FIGS. 2(a) through 2(c) illustrate various steps in the method of forming a base member 200 using mesh members 25, 25′, 25″ and 28. As shown in FIG. 2(a), a mesh member 27 having one of the weave patterns discussed above is provided. In one preferred form, the mesh member 27 includes cells 110 such as osteoblasts that are injected or seeded onto the mesh in vitro. In order to encourage cell proliferation, the seeded mesh member 29 can be suspended in a medium receptive to cell growth and concurrently subjected to tensile loading as shown in FIG. 2(b). Tensile forces that are applied to mesh member 29 in the x and y direction illustrated as Fx and Fy, respectively, have a range of load and duration of application that creates an environment conducive to osteoblast proliferation, maturation, cell adhesion, and calcification. As shown in FIG. 2(c), two mesh members 29 are then placed one on top of another in order to form base member 100 from which an implant can be fabricated. These multiple layers can be secured to one another by grommets, sewing, knitting, interweaving, suture, applying an adhesive, riveting, thermal bonding, or other technique. Preferably, the multiple layers are secured to one another by encouraging the seeded cells to proliferate and attach to one another. The desired shape for the implant is cut out and/or pressed or molded into a desired configuration from the base member 100 either before or preferably after seeding the layers with living cells.
It is contemplated that multiple layers of orthogonal mesh members 25, non-orthogonal mesh members 25′, or combinations of orthogonal/non-orthogonal mesh members 25, 25′, 25″ and 28 can be stacked one upon another. The properties of each layer and the properties between the various layers can be varied in order to modulate the properties of the implant in various directions and in various locations. The implant can be a laminated construct having differing plies or layers. This allows the properties of base member 100 to be varied in specific regions for any number of purposes, such as to provide extra reinforcement in highly loaded regions, allow for a specific stress-strain response pattern, or to provide predetermined failure locations on the implant.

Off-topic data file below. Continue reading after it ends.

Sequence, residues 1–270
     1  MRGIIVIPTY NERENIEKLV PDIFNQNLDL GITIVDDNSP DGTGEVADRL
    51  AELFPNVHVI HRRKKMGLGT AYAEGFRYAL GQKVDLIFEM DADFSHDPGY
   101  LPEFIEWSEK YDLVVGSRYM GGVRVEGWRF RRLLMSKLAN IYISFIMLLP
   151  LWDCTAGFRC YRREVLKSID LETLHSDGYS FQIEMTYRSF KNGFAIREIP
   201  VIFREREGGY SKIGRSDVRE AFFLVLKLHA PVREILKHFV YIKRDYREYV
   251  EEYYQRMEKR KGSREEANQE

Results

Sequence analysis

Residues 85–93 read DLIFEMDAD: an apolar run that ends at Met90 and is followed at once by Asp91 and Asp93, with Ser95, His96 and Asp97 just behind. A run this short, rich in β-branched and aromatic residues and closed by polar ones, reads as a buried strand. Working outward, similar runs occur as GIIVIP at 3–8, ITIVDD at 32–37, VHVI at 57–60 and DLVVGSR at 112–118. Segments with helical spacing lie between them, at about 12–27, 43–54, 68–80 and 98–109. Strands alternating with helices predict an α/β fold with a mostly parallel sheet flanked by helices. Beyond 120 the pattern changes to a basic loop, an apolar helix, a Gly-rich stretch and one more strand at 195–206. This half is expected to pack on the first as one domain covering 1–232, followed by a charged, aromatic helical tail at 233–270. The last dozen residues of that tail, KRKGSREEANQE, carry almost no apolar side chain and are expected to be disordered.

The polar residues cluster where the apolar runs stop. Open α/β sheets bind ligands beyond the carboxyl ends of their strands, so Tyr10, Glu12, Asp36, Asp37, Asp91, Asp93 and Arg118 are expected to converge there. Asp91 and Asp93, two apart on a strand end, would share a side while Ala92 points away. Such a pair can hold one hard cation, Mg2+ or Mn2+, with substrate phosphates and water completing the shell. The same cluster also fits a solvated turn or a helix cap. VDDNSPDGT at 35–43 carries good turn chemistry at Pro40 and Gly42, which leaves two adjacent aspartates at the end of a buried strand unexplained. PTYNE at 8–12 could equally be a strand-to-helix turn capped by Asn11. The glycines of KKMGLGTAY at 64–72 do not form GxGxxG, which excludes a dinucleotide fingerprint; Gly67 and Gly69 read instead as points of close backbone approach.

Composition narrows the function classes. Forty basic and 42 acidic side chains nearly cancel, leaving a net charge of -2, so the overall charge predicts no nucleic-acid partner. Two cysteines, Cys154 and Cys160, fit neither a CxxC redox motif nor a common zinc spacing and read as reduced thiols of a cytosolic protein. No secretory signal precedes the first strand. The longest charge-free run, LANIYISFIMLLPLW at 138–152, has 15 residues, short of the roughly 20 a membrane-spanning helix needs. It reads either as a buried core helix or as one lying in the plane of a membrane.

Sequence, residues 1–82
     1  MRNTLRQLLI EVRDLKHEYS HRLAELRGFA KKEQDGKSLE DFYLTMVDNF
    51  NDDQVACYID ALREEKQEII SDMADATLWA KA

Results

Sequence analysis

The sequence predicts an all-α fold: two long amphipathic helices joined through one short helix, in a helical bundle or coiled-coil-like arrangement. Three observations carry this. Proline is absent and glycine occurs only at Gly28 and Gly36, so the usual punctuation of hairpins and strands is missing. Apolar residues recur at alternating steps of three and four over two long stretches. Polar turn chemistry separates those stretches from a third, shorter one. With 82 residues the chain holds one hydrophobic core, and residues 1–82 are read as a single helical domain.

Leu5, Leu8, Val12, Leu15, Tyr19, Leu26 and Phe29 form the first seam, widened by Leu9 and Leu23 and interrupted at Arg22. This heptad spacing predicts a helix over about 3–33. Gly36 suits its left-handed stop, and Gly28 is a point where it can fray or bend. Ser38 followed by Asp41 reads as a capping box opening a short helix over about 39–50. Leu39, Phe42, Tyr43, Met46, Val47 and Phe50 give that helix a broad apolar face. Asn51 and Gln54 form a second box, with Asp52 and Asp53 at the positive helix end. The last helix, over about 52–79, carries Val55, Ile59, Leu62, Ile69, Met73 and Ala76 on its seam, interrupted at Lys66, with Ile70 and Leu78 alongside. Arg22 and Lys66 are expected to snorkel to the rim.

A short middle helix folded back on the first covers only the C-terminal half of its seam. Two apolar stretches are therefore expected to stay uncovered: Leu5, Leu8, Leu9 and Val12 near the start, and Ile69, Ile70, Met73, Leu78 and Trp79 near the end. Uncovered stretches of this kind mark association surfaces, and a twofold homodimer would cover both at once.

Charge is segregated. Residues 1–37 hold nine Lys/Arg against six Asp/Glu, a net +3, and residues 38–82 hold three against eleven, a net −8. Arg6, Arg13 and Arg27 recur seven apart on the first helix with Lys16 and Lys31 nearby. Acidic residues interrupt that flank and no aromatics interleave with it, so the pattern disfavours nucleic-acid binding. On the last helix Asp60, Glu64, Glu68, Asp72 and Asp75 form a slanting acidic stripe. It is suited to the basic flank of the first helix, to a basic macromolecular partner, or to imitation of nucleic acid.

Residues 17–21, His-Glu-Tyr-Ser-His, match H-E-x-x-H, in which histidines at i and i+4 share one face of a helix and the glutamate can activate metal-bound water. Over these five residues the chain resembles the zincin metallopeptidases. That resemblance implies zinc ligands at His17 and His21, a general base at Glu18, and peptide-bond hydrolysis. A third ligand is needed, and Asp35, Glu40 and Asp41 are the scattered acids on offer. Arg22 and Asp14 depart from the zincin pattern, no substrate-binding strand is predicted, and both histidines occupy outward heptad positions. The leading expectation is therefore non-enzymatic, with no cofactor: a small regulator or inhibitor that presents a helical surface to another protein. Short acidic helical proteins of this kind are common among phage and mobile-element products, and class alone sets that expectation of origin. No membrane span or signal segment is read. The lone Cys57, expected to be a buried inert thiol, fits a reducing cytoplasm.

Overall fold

The present invention contemplates that various materials may be used for the metal wire used in the mesh members 25, 25′, 25″ and 28. Examples of such materials include stainless steels, cobalt chrome alloys, titanium, titanium alloys, and nickel titanium. It is further contemplated that the metal wires forming mesh members 25, 25′, 25″ and 28 can be interwoven with non-metallic materials such as nylon fibers, carbon fibers, fibers made from collagen strands, or polyethylene fibers, for example. In a preferred embodiment the selected materials provide a radiopaque implant.
The wire used to form mesh members 25, 25′, 25″ and 28 can be modified through a number of processes, such as electrochemical surface modifications, coating applications, thermal treatments and so forth. For example, mesh members 25, 25′, 25″ and 28 can be made from a titanium wire and subsequently anodized. Another surface modification that is contemplated is to provide collagen immobilized to the surface of mesh members 25, 25′, 25″ and 28. Other treatments contemplate that mesh members 25, 25′, 25″ and 28 can be thermally treated before and/or after weaving. Mesh members 25, 25′, 25″ and 28 can also be coated or impregnated with an elastomer such as silicone or polyurethane or a bone cement.
In addition to in vitro seeding of osteoblasts, other treatments for the mesh members 25, 25′, 25″ and 28 are contemplated that also provide an implant that allows for bone ingrowth and regeneration of bony tissue. For example, in one embodiment the mesh members 25, 25′, 25″ and 28 are provided with alternating strands of metal wire and demineralized bone matrix. In another embodiment, mesh members 25, 25′, 25″ and 28 are smeared or coated with an osteoinductive bone paste, such as OSTEOFIL. In another embodiment, mesh members 25, 25′, 25″ and 28 have alternating strands of metal wires and collagen, and the mesh members 25, 25′, 25″ and 28 are subsequently soaked in a pharmacological agent such as recombinant human bone morphogenic protein, antibiotic agents, or other similar material. Still other embodiments contemplate no treatment is provided on mesh members 25, 25′, 25″ and 28.
Several layers of mesh members 25, 25′, 25″ and 28 can be stacked on top of another to form base member 100, which is then cut or molded into the desired shape for use as a bone plate, ligament, annulus repair device, intervertebral cage or interbody spacer, or fracture immobilization device. The desired geometry of the implant can be cut from base member 100 using any number of cutting processes appropriate to the combination of materials and geometries used in the implant design.